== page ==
The aim of a sampling exercise is to take samples which are as representative as possible of the area which is being sampled. This is not easy, given the size of an average site, and the figures below provide a good example of just how difficult this can be in reality.

Size of site 1 hectare
No. of sampling holes 17
Depth of trial pit 3 m
No. of depth horizons per hole 5
Estimated SG of soil 2.5
Total mass of soil 75,000 tonnes
Mass of soil associated per sample 882 tonnes
% of site submitted to lab 0.0003 %

This is not exactly what one would describe as representative… Please, take more samples.

Aside from the problems of possibly missing areas of contamination, other common problems on site include the following:

  • Loss of volatiles due to poor handling or incorrect sample bottles
  • Not compositing/mixing soil samples
  • Not homogenising surface/borehole water samples containing a product layer (i.e. two phase sampling)
  • Cross contamination caused by poor handling techniques
  • Not using field and trip blanks to check against spurious contamination and potential analyte loss
  • Labelling errors (more common than people realise)
  • Filtering (or not filtering) incorrectly
  • Not using correct sample bottles and preservatives
  • Not storing samples at the correct temperatures
  • Storing samples on site for too long, therefore exceeding permitted holding times

Sub-sampling in the laboratory

The 500 g – 1000 g supplied by most clients to the laboratory is considered to be representative of the location/depth on site (bearing in mind the above discussion), but only 100g or so of the soil will actually be used for testing. Technicians at the laboratory must therefore mix the soil and take a representative sub-sample of the submitted sample.

Soils must be mixed (and often tested) on an ‘as received basis’, as many parameters would be affected by drying and crushing, and dependent on the soil type and grain size, this can be very difficult. Loamy/topsoils, sands, silts and similar matrices are relatively easy to mix and sub-sample. Clays, gravels and samples containing bricks or hardcore/concrete/fill/tar/waste can be very difficult. A variety of mixing techniques may be used (jaw crusher, hammer, mixer mill, paddle mixer), but none will give a completely homogeneous sample – this can only be achieved by drying and crushing a sub-sample to a powder of less than 250 microns. Clients should therefore be aware that the following tests are performed on ‘as received’ samples, and will have a higher level of uncertainty associated with the results, in some cases, due to the potentially lower levels of homogeneity:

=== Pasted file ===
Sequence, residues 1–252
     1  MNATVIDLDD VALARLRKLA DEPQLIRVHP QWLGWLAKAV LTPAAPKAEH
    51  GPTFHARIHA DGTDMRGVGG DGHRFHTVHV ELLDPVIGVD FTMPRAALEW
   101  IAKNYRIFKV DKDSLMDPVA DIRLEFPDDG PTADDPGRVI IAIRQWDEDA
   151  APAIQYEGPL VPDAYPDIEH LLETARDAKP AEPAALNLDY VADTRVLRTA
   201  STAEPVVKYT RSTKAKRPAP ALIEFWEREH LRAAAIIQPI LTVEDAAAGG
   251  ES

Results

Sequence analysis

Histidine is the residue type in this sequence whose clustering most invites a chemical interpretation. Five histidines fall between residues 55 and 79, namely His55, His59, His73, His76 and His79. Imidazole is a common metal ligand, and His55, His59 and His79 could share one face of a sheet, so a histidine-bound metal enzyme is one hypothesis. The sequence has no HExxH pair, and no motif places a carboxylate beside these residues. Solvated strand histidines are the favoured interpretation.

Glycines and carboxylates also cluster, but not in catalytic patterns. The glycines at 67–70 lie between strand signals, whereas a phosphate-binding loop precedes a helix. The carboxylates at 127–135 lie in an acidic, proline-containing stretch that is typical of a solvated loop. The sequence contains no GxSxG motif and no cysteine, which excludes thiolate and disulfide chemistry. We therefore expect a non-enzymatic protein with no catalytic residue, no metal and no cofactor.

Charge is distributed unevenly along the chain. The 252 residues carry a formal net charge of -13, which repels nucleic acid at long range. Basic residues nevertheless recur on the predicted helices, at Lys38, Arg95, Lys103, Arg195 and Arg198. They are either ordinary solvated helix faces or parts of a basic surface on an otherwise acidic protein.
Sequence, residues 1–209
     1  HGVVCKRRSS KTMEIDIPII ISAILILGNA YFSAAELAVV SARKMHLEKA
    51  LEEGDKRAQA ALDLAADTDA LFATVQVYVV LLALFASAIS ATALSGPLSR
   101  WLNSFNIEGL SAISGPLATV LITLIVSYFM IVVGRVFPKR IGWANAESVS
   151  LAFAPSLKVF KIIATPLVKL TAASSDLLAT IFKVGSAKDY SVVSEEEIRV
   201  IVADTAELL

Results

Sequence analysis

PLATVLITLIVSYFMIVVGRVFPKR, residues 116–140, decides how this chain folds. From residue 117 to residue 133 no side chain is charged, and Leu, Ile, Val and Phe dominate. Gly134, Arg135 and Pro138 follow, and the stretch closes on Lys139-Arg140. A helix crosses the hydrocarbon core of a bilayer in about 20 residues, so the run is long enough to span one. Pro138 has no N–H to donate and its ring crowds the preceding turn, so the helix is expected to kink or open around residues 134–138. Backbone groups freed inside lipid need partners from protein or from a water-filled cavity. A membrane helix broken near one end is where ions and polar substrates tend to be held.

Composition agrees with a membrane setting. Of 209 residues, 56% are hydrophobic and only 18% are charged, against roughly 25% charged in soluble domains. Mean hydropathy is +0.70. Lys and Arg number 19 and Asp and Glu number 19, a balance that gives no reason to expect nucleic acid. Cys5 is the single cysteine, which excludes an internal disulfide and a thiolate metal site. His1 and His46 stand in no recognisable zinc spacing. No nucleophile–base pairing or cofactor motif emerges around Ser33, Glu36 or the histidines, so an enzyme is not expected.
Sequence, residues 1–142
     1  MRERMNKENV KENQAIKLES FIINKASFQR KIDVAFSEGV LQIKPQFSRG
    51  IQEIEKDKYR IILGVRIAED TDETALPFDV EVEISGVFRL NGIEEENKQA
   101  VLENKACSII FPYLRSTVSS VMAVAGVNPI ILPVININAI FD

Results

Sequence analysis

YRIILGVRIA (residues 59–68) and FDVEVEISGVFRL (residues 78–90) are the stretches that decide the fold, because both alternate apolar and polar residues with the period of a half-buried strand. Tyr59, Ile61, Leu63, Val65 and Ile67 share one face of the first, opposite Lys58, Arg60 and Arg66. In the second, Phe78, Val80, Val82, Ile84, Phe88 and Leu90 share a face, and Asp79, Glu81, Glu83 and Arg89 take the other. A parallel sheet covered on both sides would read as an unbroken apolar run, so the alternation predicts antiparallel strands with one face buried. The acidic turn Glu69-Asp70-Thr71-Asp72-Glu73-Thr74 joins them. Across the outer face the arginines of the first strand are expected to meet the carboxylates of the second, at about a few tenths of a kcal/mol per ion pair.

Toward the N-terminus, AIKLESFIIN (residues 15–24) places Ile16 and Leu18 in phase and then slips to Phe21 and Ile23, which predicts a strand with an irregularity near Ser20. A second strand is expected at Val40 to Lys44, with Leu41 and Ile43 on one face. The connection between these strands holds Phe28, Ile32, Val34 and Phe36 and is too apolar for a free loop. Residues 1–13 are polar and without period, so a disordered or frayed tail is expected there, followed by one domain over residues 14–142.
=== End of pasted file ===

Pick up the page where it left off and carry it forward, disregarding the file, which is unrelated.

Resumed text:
• Cyanides
  • Phenols
  • Leach tests
  • Ammoniacal nitrogen
  • Acid soluble sulphide
  • Hexavalent chromium
  • EPH or TPH
  • Organic mercury
  • Volatile organics (VOC)

Validation of methods

Under ISO 17025 (and MCERTS in the UK), all methods must be validated to prove they are fit for purpose, and with soils this involves performing the validation on three different matrices (possibly more, if routinely analysed). Most soils laboratories have carried out validation on clay, sand and a loamy topsoil.

Under MCERTS, validation is a very extensive procedure, involving testing in duplicate over eleven days for every parameter on three matrices at a high and low concentration. This amounts to one hundred and thirty two runs for every parameter – and that’s if it works first time. In reality, many methods needed changing to ensure good recovery over all the matrices and concentrations, and this has been a very time consuming (and costly) exercise for all laboratories.

Problems encountered by laboratories in the UK included:

  • A lack of Certified Reference Materials (CRMs) containing the desired analytes
  • A lack of CRMs in the correct matrices (clay is particularly difficult to find) and at appropriate analyte concentrations
  • No such thing as an ‘as received’ CRM – all CRMs are dried, crushed and homogeneous. (i.e. best case samples)
  • A lack of defined methods

However, it has hopefully allowed laboratories to validate methods which are empirical (where the result is defined by the method), e.g. all leaching methods; water soluble boron etc. For contaminated land analysis metals are reported as aqua regia soluble, not total. Thus metal results obtained by XRF, (especially for elements such as iron, manganese, nickel, titanium, sodium, aluminium etc.) are usually higher than after using an aqua regia digestion. However, for environmental risk assessment, if the metals are not released by vigorous aqua regia digestion, they are unlikely to be of environmental significance.